Wrapping Your Head around Multi-Language E-Discovery

Wrapping Your Head around Multi-Language E-Discovery

Wrapping Your Head around Multi-Language E-Discovery
July 10, 2019

The rate information is generated continues to increase exponentially. By 2020, the digital universe will be 44 zettabytes large, meaning there will be “40 times more bytes than there are stars in the observable universe.” [i] Concurrently, traditional information borders disintegrate or cease to exist all together. The result? Foreign language permeates legal matters more than it ever has before. The ability to deal with the language components of Big Data issues is fast becoming a valued asset to law firms and corporations alike.

Technology is an increasingly important string to the lawyer’s bow. Collaboration with technologists is key to overcoming new challenges, developing bespoke workflows, and bedding in new technology. E-discovery itself has progressed at breakneck speed to incorporate AI into everyday review. However, there is still a lag in knowledge and preparedness where e-discovery encompasses multilingual data.

Both translation and legal industries, like many others, are faced with an unavoidable reality: how effectively are they leveraging machine learning? While each industry appears progressive in silo, integrating each to the other could be the key to interrogating documents sourced from numerous jurisdictions in a variety of languages.

How do these issues manifest? What problems can they cause? Clients face challenges ranging from one to all components of the e-discovery process: forensic collection, processing, analytics, human translation, machine translation (MT), and/or managed review. Working on the language in isolation causes problems. A common and straightforward example is seeing work duplicated—translating numerous versions of a document in a data set, which are substantively the same but not technically duplicates. Done once could be a three-figure problem—done across a multi-TB universe, it can become a seven-figure problem. We will look at potential pitfalls along the e-discovery journey and explain how we would go about fixing them.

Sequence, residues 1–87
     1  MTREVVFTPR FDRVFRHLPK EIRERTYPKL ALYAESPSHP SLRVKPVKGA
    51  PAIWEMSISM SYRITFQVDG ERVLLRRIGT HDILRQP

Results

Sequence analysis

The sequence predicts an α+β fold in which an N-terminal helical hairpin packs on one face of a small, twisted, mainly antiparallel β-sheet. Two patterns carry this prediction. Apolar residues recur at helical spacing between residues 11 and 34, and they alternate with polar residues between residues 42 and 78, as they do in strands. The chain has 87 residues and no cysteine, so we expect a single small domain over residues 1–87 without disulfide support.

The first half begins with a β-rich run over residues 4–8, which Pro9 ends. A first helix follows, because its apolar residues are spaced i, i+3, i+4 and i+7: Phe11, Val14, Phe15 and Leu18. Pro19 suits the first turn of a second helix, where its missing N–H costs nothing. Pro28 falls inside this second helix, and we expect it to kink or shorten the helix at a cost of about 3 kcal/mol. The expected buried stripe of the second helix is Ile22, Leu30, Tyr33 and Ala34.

Firstly, to prepare budgets and resources for a case, how do the lawyers confirm there are multiple languages in the data set, and in what proportion? This can be key to building the best teams across the right markets. Advanced language detection ensures this step is completed as accurately as possible. Whether it means four languages or twenty, or understanding that most documents are in a mixture of two languages and bilingual review is a necessity.

Next, for scanned documents it’s important that the text is searchable. Most workflows include optical character recognition (OCR). Where foreign language is involved, it makes an already imperfect process much more risky. Unless the OCR tool can automatically detect the language, it will likely deploy the wrong character set. For example, Russian, Arabic, and Chinese—if processed with an English OCR tool—will come out as gibberish. Search terms may not be effectively directed, and important documents can be missed.

Once the data is rendered searchable it can be properly analyzed and organized. At this phase, we can gather a doc-by-doc breakdown of the dominant languages. Let’s take a recent Arabic matter as an example. The surprise that 20% of email data is Arabic can flag a few points, such as the possibility that all email disclaimers are in Arabic. On investigation, if that is the case, then this can be reliably discounted from the review or translation pool.

If there is relevant Arabic data, we will develop Arabic search terms. Even where a firm has language resources, search terms can be complex. Add in mixed, multiple languages and the syntax to go with them, and there is huge room for error. One of the trickiest aspects of multi-language e-discovery is ensuring that “proximity searching” is translated correctly, considering the language expansion or contraction rates after translation. For example, Italian to English translation will contract by 15%. Practically, this means that if you were searching for “ball” within two words of “bat” in English, the same search in Italian would have to be “mazza” within three words of “palla” to gather the same responses.